Question: The walnuts on our tree look terrible this year. Most of them have black hulls, and we can’t get the walnuts out. Will this kill our tree?

Answer: Your description sounds like you’ve had trouble with Walnut husk flies. They can make a mess of the walnuts, but they won’t affect the health of your tree.

Walnut husk flies lay their eggs in walnut husks once the husks have softened enough. After the eggs hatch, the larvae feed inside the walnuts.

If the nuts are very young when the eggs hatch the nuts may shrivel and drop to the ground. Feeding by larvae in more developed nuts causes the husk to turn black and soft but the nutmeats inside are often just fine. The blackened husks can be very difficult to remove but putting the walnuts into damp burlap bags for several days will make the job easier.

The time to prevent walnut husk fly damage with an insecticide begins during the last half of July. At that time, you can begin spraying your tree with an insecticide. You’ll repeat the sprays according to the label directions until the walnut husks begin split open.

Once the husks split, the walnuts aren’t at risk of being damaged anymore. A product with the active ingredient Spinosad, or pyrethrin will be effective and also less harmful to beneficial insects, but a conventional insecticide with the active ingredient malathion, carbaryl, gamma-cyhalothrin or acetamiprid is another effective option.

Each fall, make time to clean up thoroughly under the tree so that there aren’t any dropped walnuts left. Spreading tarps or weed barrier under your tree early in the season will make it easier to remove the dropped walnuts.

You want to get things as clean as possible after harvest, so fold up the tarps or weed barrier and collect and dispose of anything that’s dropped. You can also keep landscape fabric under the tree year-round to prevent the fly larvae from pupating in the soil when they drop out of the walnut fruits.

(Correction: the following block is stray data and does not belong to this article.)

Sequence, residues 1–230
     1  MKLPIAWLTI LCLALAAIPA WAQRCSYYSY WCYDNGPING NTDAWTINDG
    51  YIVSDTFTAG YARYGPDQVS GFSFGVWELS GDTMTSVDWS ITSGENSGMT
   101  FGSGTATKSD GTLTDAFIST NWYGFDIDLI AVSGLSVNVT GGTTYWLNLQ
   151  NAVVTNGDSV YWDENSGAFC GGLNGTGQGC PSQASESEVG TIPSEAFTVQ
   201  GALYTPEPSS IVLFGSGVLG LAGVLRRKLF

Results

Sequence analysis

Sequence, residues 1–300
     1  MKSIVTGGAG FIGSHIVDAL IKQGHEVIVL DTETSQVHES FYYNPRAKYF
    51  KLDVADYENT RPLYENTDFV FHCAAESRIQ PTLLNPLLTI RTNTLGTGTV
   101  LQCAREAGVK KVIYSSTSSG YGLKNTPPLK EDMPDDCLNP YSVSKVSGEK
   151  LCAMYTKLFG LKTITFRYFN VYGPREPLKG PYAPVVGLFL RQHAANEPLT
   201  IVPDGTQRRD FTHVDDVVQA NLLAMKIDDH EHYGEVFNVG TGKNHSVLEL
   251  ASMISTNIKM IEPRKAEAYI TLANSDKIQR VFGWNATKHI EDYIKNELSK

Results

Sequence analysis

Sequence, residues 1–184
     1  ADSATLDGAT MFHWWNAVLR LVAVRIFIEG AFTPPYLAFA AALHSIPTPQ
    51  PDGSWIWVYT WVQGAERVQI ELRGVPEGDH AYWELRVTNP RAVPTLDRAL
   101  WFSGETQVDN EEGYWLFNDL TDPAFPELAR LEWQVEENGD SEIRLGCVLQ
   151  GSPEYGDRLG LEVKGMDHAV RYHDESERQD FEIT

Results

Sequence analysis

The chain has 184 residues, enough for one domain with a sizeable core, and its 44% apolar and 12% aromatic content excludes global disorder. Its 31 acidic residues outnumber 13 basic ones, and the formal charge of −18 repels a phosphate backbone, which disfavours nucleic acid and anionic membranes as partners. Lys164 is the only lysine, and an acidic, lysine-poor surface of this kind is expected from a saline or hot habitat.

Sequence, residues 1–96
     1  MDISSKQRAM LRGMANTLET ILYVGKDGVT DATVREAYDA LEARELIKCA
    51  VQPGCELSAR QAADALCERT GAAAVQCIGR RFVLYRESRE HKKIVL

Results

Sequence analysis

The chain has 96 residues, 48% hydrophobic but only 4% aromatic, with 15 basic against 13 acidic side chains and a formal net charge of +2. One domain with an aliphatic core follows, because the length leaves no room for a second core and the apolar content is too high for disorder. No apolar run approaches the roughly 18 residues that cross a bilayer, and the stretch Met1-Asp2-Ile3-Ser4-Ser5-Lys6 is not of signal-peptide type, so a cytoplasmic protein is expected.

You already have pupating husk flies under your tree from this year’s infestation and installing landscape fabric now can prevent many of the adult flies from emerging next summer.

Question: Many of my peaches have a mottled looking portion on their skin. They taste fine but are harder to peel in those areas. Any ideas on what this may be and how to prevent it in the future?

Answer: This looks like Apple powdery mildew, which can also affect peaches. Apple powdery mildew is often called Rust spot when it shows up on peaches. The problem is usually just a cosmetic issue and the affected peaches are perfectly fine to eat but the damaged skin can be harder to peel off.

Apple powdery mildew overwinters on apple trees, and the fruit of nearby peach trees can become infected when the fungus becomes active in the spring. You may have noticed whitish-looking spots on your young peaches a few weeks after bloom.

Those spots were the early stages of the powdery mildew infections that caused the rusty streaking you noticed on the skins at harvest time.

The fungus only overwinters on apple trees, not peach trees, so good powdery mildew control on your apple trees is important for preventing damage to your peaches next year.

Spray a fungicide on your apple trees when the leaves first open. That’s called the “open cluster” stage, and you’ll find an example of that stage in today’s photos. You should spray again when the petals are dropping from the blossoms.

Sulfur, neem oil, and potassium bicarbonate are three organic spray options, or you can use a conventional fungicide product labeled for fruit trees that has the active ingredient myclobutanil. Read your product label carefully, as different products have different spray intervals.

In addition to spraying, do a thorough cleanup of the tree in late fall — remove the dropped leaves, any dropped fruit and any unharvested fruit that remains on the tree. Proper pruning will also help reduce powdery mildew problems by improving air circulation and removing infected twigs.

You can also try spraying your peach trees next spring with a fungicide that contains chlorothalonil or with sulfur — an organic option — at the shuck split stage.

Check today’s photos for an example of shuck split. After shuck split, you can continue to spray every 10-14 days if needed due to wet weather, but you should use a different, as chlorothalonil shouldn’t be sprayed after shuck split until the fruit has been harvested.